Useful English Phrases for Giving Directions

If you’re in a new town or city and you want to know where a place or building is, these are useful phrases for asking for directions. There are also phrases for giving directions to other people who ask you for help.

How you can ask for directions

Say “Excuse me” before you ask a person. To make it sound like a question, make your voice go up on “me”.

“Excuse me. How do I get to (the railway station) please?”

“Excuse me. Where’s the nearest (post office) please?”

“Excuse me. I’m looking for the Number 6 bus stop.”

Giving directions

The person who helps you often says how near or far the place is:

“It’s about five minutes from here.”
“It’s about a ten-minute walk.”
“It’s easier if I can show you on the map…”

Specific instructions

Here are some useful words and phrases for giving directions on the street. Maybe you’re helping a driver, or someone who stops you to ask for directions.

“Turn left / right.”

“Go straight on at the lights / when you come to the crossroads.” (Lights = traffic lights; crossroads = where two roads cross)

“Go across the roundabout.” (Roundabout = where all the cars go round a circle in the middle of the road)

“Take the first turning / road / street on your left / right.” (Turning = road that goes left or right)

“You’ll see / You’ll come to a (bank). Then …”

“Don’t take the first road.”

“Go on for about (2 minutes / 100 metres).”


We often make reference to landmarks when we give directions to help the other person. These can be places in a town, such as cinema, bank, bus stop, etc. They can also be parts of the road system. Here are some common terms:

taxi rank = a place where taxis queue for passengers

level crossing = where the road and railway meet. There are barriers that go up and down to signal when a train is coming

underpass = a walkway that goes under a busy road so pedestrians can get to the other side safely

overpass / flyover = a road that goes over another road (or railway)

zebra crossing = black and white markings in the road for pedestrians to cross the road (the markings look like a zebra’s stripes)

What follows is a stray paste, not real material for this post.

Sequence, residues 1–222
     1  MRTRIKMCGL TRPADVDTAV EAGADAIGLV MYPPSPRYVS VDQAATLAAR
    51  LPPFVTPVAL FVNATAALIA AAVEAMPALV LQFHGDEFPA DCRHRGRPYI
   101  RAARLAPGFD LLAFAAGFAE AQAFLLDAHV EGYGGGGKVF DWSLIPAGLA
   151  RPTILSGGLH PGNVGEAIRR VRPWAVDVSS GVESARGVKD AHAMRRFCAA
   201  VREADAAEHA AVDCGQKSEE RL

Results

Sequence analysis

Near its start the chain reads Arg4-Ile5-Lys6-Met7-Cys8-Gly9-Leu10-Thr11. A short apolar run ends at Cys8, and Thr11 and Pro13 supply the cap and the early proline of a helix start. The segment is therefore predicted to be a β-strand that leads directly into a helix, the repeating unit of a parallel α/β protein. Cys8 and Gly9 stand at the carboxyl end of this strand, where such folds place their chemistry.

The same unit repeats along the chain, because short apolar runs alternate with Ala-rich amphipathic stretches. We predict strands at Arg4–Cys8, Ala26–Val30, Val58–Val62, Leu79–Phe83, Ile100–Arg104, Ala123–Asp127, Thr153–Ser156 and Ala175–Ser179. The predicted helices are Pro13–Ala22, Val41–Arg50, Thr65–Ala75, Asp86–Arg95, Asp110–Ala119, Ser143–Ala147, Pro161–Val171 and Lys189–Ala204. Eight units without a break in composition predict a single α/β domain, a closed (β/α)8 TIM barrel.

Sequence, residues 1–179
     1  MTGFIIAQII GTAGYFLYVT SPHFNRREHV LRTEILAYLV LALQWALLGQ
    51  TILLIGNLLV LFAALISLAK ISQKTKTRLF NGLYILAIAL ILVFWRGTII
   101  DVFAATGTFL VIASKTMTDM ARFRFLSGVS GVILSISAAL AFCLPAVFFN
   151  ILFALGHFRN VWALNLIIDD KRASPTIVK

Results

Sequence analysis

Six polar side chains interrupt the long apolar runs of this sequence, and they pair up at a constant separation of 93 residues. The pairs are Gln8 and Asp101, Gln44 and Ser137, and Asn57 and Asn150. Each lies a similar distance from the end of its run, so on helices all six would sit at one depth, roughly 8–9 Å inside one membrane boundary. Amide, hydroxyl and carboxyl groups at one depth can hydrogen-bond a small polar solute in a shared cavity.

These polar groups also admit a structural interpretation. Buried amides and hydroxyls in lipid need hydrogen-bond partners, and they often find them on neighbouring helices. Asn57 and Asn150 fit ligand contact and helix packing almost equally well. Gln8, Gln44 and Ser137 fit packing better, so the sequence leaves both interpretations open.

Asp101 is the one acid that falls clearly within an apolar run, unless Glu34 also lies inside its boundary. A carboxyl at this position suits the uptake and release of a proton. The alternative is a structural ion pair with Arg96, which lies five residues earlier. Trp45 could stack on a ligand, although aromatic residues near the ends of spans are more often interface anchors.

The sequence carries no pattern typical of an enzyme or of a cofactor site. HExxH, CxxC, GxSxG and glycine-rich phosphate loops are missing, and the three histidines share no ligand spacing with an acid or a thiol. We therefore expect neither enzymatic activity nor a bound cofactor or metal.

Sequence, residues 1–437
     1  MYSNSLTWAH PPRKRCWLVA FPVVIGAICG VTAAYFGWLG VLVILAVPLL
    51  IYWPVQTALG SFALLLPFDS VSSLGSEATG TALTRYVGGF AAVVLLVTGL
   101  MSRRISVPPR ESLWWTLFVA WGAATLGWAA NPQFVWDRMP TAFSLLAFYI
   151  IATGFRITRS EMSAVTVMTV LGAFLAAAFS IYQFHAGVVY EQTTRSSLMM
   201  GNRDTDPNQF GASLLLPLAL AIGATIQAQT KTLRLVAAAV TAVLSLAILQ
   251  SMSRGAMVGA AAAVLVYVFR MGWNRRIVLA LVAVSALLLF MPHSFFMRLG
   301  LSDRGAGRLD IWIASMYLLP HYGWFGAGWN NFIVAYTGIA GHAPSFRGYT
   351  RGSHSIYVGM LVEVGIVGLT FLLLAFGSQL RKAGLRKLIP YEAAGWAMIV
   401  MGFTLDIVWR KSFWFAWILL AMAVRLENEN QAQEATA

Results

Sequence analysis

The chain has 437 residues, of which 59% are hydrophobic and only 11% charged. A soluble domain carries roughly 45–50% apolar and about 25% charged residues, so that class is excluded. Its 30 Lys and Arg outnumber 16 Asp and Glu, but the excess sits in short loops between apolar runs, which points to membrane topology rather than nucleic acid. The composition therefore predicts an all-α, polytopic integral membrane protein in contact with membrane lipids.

pedestrian crossing = a place in the road where pedestrians can cross. Often there are traffic lights.

tunnel = a road under (or through) mountains

crossroads = where two roads cross each other

junction = where one road meets another, and you can either go left or right

fork in the road = where the road divides, and you decide to go left or right

turning = a road off to your left or right

main road = a big road where there is lots of traffic

lane = a small road, or a part of a road (the left-hand lane / the right-hand lane; the bus lane)

Use prepositions of direction

Go past = continue past something so that is is now behind you

Go across = cross something, like a road or crossroads

Go along = continue down a road

Go straight on = don’t turn left or right

Go up = walk / drive up a hill

Go down = walk or drive down a hill or a road

Go through = pass through something, such as a tunnel or a town

Go out of = exit (i.e. a railway station)

It’s in front of you = you can see it facing you

It’s opposite the bank = it faces the bank

It’s on the corner = it’s where two roads meet at a 90° angle

Typical English conversation

“Excuse me. I’m looking for the post office.”

“OK. Go straight on, then turn left at the crossroads. It’s about 100 metres on your left.
You can’t miss it!”


“You’re welcome.”

(Also see our page Asking for directions in English.)

Asking For Directions